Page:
Think modular design, and you might imagine supermarket shelves or mass-rollout retrofits – hardly the bespoke creations that a retail design agency prides itself on. But in a world of pop-up boutiques and multi-purpose brick-and-mortar stores, this image is changing. Packed with personalisation potential, modular design is increasingly becoming a go-to for designers looking to make the most of a space. In this article, we’ve rounded up some of the most beautiful examples of modular design, with tips and tricks on how to make it work for your boutique or pop-up shop.
Shake up your store design with display modules
Modular shelving has been around for years, but it’s only now that it’s getting interesting by retail design agency firms. From complex furniture systems to simple cubed shelves, there’s an endless number of modular solutions on offer. The Tate Modern gift shop, designed by Amsterdam studio UXUS, is a great example of how modular designs can give brands the flexibility to frequently shake up their brick-and-mortar stores. Housed in three different sections of the store, the display modules used different accents of wood to guide customers through the space. Thanks to a mobile and stackable design, the shelving can be reconfigured to reflect changing exhibitions and events.
Keep it sustainable with eco-friendly design
In Japan, modularity has been a part of architecture and design for centuries, with room sizes being determined by combinations of the historic tatami mat. So it’s no surprise that one of the most beautiful modular retail designs in recent years should be inspired by Japanese architecture.
Designed by ecological architect Shigeru Ban, The Hermes Pavilion was a complex construction of cardboard tubes interlaced with sheets of paper, creating a temporary structure similar to the Hermes Rive Gauche store in Paris. The pared-down recyclable materials had two benefits: to promote sustainable retail architecture and to highlight the craftsmanship of the collection.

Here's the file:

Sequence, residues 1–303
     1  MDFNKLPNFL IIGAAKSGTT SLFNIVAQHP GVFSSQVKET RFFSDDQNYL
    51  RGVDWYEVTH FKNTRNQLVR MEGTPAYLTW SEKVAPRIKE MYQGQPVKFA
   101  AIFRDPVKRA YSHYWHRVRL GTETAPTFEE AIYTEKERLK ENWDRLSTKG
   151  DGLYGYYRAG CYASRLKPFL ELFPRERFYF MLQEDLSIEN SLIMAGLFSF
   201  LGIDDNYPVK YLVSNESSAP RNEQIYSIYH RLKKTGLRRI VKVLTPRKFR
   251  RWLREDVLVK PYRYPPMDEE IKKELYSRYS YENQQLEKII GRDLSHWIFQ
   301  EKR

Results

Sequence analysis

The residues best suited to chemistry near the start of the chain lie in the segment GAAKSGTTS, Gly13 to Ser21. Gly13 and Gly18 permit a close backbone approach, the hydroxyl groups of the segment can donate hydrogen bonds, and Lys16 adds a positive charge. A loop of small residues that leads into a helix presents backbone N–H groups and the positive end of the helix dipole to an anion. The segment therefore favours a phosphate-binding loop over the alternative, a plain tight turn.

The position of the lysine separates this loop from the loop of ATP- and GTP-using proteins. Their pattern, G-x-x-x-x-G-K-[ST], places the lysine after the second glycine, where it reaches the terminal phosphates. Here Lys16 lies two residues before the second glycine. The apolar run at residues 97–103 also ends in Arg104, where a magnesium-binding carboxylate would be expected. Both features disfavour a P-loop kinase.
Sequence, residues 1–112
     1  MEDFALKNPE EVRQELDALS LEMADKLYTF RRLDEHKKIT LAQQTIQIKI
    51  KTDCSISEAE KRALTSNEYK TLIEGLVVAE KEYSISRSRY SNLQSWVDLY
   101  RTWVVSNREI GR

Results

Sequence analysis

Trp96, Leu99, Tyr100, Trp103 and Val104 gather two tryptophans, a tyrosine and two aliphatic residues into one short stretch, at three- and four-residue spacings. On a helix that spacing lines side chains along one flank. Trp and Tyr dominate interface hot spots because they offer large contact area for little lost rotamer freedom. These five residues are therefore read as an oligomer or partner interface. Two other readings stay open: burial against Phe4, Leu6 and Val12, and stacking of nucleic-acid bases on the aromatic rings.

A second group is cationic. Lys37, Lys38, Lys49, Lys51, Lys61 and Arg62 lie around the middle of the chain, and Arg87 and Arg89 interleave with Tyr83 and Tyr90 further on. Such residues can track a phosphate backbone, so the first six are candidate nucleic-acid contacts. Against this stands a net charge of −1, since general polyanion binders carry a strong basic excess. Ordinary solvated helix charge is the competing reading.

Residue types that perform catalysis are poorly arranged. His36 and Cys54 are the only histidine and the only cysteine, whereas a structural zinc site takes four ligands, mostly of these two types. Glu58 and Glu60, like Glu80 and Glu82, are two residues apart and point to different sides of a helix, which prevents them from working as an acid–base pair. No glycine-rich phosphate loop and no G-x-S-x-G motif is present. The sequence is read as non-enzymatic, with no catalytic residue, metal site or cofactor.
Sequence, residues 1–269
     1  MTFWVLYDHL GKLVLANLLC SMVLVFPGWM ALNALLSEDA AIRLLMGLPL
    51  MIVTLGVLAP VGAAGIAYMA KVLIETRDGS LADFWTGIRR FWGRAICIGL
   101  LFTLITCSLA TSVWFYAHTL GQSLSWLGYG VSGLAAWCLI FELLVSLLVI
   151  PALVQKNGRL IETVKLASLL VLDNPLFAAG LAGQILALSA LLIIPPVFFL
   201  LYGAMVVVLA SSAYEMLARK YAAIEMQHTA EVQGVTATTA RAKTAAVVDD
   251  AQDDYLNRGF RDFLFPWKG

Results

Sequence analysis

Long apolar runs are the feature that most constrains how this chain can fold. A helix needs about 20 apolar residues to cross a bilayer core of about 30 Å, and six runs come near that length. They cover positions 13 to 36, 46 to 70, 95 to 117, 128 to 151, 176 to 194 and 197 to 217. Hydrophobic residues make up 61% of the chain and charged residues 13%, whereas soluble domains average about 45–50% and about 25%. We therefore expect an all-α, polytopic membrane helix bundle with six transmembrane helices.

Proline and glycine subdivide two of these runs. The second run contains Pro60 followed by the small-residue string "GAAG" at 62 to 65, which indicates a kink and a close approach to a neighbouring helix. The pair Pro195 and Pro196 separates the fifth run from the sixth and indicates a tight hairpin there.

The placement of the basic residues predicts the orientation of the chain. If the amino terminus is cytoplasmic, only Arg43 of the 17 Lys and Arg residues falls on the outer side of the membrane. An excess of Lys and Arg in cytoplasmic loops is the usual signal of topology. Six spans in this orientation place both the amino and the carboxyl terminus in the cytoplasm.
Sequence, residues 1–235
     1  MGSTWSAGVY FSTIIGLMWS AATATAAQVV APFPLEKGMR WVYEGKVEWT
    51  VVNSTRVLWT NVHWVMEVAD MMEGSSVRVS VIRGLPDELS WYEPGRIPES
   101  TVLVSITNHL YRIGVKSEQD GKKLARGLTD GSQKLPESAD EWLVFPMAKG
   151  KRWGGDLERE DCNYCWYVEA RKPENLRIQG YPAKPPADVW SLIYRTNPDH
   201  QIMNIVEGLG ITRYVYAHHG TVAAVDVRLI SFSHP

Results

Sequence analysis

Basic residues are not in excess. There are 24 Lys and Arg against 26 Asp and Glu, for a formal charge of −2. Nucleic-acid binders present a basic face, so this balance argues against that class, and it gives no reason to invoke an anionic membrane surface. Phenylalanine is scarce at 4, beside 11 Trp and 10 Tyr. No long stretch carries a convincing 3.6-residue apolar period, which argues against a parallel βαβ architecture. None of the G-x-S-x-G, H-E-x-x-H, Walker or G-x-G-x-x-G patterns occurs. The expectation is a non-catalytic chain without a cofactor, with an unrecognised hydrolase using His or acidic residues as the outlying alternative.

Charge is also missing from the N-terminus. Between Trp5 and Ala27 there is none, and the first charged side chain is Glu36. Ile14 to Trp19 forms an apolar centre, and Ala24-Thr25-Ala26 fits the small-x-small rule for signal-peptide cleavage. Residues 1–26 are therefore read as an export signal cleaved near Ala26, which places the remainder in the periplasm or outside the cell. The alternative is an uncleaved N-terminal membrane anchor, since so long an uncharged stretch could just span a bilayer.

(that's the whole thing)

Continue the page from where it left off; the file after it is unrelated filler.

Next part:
Turn your store into a social space with modular elements
At this year’s Milan Design Week, Swiss furniture company USM used its modular design solutions to explore the “third space” between home and office. By using modular design elements, they argue that it’s possible to bring our home and professional worlds together in a seamless space. But this idea doesn’t just apply to our homes – modular design also has the potential to transform brick-and-mortar stores into social or community spaces. In fact, the shopping mall of the future is already set to feature modular design elements that reward shoppers with an ever-changing retail experience.
According to research by Gensler, 94% of visitors to public spaces do more than just shop – they dine, socialise and relax too. As shopping habits change, modular design is predicted to explode in popularity. As Kathryn Bishop, deputy foresight editor at The Future Laboratory, explains: “Increasingly, retail spaces are public spaces. People go there to grab a coffee, catch up with friends, they may go and see an exhibition, do some shopping and get an experience or do a bit of people watching. We have to think about who is coming and what they are doing there. I think we’ll see increasingly modular fit-outs in retail destinations; the ability to have a space that can create different destinations throughout the day such as cookery classes, classes for new mums, then onto a stage in the afternoon for performances.”
Retail Design Agency partners are beginning to recognise the importance of modular design when it comes to temporary retail. Offering infinite flexibility and creativity, modularity is helping designers rollout beautiful pop-ups, shake up permanent stores, and create meaningful spaces.